I confess to having been a stubborn reader as a child.  I had zero interest in reading until I was about thirteen and stumbled upon the book that appealed to me (Watership Down by Richard Adams).   I am no expert on young adult literature, but I am certain there are great titles out there that would be more likely to inspire reluctant readers to pick up a book. 

I know there are good reasons to assign The Scarlet Letter, a wonderful story, but it is a heavy, dense slog that most students will read only at gunpoint.  I am grateful that I was coerced into reading it in high school, even though I did not enjoy a moment of it.  I needed the teachers help in unpacking the language, understanding the history of the era, and learning to see literary techniques.  But must this be the only type of books that are assigned?   

I hope I did not trample on anyone’s favorite novel…. I merely question the reading selections put together by the typical school curriculum. 

Drawing courtesy of Sue Clark

Splendid Libraries: The Kinsey Institute

Elizabeth Camden Splendid Libraries Leave a Comment

The Kinsey Institute in housed in Morrison Hall at Indiana University, where I got my Library Science degree.  While I was plugging away in graduate school, I had an internship at the library of the Kinsey Institute, the world famous research facility for sexuality and reproductive health.  Now that was an interesting place to work!


As you can imagine, the library was closed to the public unless you had authorization.  The library itself was very hard to find, as it is on one of the top floors, there is no signage, and the only means of access is through a locked stairwell.  My job was to catalog the medical journals, which was generally pretty tame, but the library also collected art, artifacts, photography, and just about anything that related to human sexuality.  I must say…..every day was a surprise when I showed up to work!

The Perfect Man: Do Romance Novels Warp our View of Real Life?

Elizabeth Camden Ramblings about Romance Leave a Comment

I suspect a lot of women got their start reading romance novels during their impressionistic, teen-aged years.  There is a genuine concern that reading such novels, at any age, may set expectations for romance waaaaay too high.  After all, how many men are millionaire dukes, smokin’ hot, with the heart of a warrior, but he’s also sensitive and kind and loves small children?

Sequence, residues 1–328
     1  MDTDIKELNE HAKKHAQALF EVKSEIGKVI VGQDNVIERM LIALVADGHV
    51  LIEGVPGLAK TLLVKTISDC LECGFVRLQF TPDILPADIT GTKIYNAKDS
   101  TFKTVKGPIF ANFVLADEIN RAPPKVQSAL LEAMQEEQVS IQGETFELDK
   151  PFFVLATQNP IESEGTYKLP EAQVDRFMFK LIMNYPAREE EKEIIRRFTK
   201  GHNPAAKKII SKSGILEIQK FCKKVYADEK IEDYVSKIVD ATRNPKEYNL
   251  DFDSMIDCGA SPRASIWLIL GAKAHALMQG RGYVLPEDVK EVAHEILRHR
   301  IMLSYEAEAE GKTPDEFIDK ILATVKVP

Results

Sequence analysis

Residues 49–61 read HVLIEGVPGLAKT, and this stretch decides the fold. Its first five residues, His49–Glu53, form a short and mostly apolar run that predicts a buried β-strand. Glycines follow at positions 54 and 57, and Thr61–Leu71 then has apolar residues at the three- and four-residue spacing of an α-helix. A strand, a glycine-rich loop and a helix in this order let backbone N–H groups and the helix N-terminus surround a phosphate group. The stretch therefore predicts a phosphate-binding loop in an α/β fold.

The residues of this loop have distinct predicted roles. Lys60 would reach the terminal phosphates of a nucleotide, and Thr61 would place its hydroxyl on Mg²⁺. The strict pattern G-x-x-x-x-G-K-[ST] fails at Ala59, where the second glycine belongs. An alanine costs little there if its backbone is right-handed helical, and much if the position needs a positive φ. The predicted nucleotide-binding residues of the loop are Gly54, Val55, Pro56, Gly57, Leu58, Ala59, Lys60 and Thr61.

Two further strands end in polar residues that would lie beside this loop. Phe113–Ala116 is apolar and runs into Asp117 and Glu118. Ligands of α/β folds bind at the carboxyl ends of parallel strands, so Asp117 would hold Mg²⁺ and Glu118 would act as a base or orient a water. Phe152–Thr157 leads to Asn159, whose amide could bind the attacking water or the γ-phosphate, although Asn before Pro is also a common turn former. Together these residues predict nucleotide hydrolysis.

I think we under-estimate girls and women if we assume that reading such books is going to make them expect the guy they are dating to morph into such a superhero.  Our children read about “the old lady who lived in a shoe, she had so many children she didn’t know what to do,” but we don’t jump to the conclusion that they will start believing little people live in their shoes.  Children are perfectly capable of setting aside that fairy tale and flip back into real life the moment the book closes.

And yet…..some of the themes and morals learned in fairytales and romance novels WILL linger after the book is over.

The themes women learn in romance novels are perseverance, self-respect, and fighting for a cause.   The heroine may face a bumpy road as she locks horns with the hero and fights for a respectful, loving relationship, but she’ll get it by the end.  The trappings in a romance novel (the castles, the clothes, the dramatic storylines) make the novel more fun to delve into…..but that’s all they are….trappings.  What we take away from a novel are the themes of life-affirming, optimistic values that we can apply in real life.  And that’s a good thing!

Which Downton Abbey Character are You

Elizabeth Camden Musings on Life 3 Comments

You know you are hopelessly gone if you submit yourself to take a quiz to find out which Downtown Abbey character you are.  I’m Anna, the Housemaid.

Anna may be the most sympathetic chracter in the entire Downton Abbey cast……but I have class-envy.  Couldn’t I have been one of those ladies with the pearls, the silks, the rides in the countryside?  Please, oh please? 

You can take the quiz here.